Back before Obama was elected with no small amount of help from street aritsts like Shepherd Fairey—creator of the now-iconic red, white and blue Obama HOPE posters —, and Ron English—creator of the Abraham Obama campaign, which made a stop locally—, Colorado Springs had something of a thriving, if not small, [...]

Continue Reading

Remembering Fred Schumm

On December 27, 2010 By

Last week, we learned of the recent passing of Fred Schumm, whom we had the great good fortune of interviewing earlier this year, at his home in Cherry Hills, NJ . Schumm, a Springs native, conceived of and built marvelously artful and one-of-a-kind playground sculptures for the parks in Colorado Springs.

Following World War [...]

Continue Reading

Sometime in the late 1930s/early-1940s, Colorado Springs artist Archie Musick (whose amazing hand-built home in Garden of the Gods we profiled HERE) created a mind-boggling 75-page hand-made Christmas card booklet for his friend Laura Bunnell filled not just with words or images, but with painstakingly rendered, hand-pulled stone lithographs. Local art collector Blake [...]

Continue Reading

The Scoop on Brian Nemeth

On December 13, 2010 By

If you’ve ever walked more than half-a-block through downtown Colorado Springs in the past decade, you’ve likely been approached (or accosted) by one of Colorado Springs’ greatest characters: Brian Nemeth. A self-styled poet and aspiring news anchor, Nemeth relentlessly peddles his raunchy and frequently belligerent poems and opinions as one-sheet photocopied handouts for a [...]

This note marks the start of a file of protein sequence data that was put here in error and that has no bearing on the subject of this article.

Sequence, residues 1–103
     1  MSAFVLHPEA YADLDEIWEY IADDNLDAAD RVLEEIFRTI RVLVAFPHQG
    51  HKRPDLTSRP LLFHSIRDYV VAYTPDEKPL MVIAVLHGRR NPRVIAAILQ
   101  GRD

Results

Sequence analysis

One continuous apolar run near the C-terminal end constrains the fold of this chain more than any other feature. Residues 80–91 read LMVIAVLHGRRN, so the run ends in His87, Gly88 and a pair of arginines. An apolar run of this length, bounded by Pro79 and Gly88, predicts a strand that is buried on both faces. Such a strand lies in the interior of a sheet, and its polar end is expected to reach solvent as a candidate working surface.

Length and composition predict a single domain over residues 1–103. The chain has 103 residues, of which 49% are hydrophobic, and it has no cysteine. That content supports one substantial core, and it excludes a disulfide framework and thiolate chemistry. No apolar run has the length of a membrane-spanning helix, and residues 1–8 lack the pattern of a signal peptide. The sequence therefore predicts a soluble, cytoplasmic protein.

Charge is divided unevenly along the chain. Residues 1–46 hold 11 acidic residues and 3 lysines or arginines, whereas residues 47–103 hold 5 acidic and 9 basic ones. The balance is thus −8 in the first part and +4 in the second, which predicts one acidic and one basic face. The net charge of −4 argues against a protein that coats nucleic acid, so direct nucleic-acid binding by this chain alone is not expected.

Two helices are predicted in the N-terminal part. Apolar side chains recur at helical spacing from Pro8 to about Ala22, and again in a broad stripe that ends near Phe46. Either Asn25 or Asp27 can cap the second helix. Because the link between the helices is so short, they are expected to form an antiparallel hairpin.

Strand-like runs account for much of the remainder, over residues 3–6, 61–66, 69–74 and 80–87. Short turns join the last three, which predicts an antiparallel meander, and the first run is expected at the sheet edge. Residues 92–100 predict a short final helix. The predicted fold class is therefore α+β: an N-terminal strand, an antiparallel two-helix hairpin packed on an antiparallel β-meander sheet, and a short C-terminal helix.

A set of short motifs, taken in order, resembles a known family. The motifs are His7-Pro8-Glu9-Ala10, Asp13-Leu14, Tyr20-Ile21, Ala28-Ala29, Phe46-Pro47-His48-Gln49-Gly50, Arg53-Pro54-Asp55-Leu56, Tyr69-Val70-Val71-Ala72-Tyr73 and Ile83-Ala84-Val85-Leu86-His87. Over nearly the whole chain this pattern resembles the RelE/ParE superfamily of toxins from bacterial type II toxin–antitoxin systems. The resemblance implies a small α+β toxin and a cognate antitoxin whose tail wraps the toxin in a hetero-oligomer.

Continue Reading

Jim Bishop Uncensored

On December 6, 2010 By

For more than 40 years, Jim Bishop has been constructing his castle, his way, with his own two calloused hands 40 miles southwest of Pueblo in the San Isabel National Forest. Bishop is well known for his outspoken frankness about, well, all manner of things. You too can behold the wondrous madness of Jim [...]

Continue Reading

Stratton's Streetcars

On November 23, 2010 By

In this slide show of images from the Pikes Peak Library District’s Digital Photography Archive with text by Marshall Sprague from his history of the region, “Newport in the Rockies” (read by Craig Richardson), we hope you’ll catch a glimpse of Colorado Springs’ former public transportation glory as it was funded by millionaire gold king Winfield Scott Stratton.

Continue Reading

An Elf at Work

On November 22, 2010 By

It’s almost Black Friday and we thought you might like to see these two slide shows of one of Colorado Springs’ greatest elves’ work. Before becoming a renowned sculptor of playful, toy-like objects, Sean O’Meallie designed and made toys.

Continue Reading

Remembering Joni Sheram

On November 15, 2010 By

Last week, playwright and actor, Joni Sheram passed away aged 62. In southern Colorado, Sheram is most well-known for her long teaching career at Widefield High School and for Cups, a one-woman show she wrote and performed at the Manitou Art Theatre and that is where I had the good fortune of meeting her, while she was in preparations for the premier of the show. Here, you can watch my interview with Joni and some snippets from her performance of Cups.

Continue Reading

An early (and lighthearted) documentarian of life in Old Colorado City in the early 20th Century, Ira Current was born in Colorado Springs October 30, 1910. He developed a keen interest in photography when he was 16 years old which would soon lead him to a job with Stewart Brothers photo finishing in Colorado Springs. In 1928, shortly after his graduation from Colorado Springs High School (now Palmer High School) he used the salary he earned at Stewart’s ($5 a week) to purchase a Cine Kodak, the first amateur film camera produced, for $25, a tripod for $25 and two hundred feet of film for $5 and produced his first film, “Four Wheels”, a chronicle of soap box style races, inspired by the Pikes Peak Hill Climb, near the Garden of the Gods.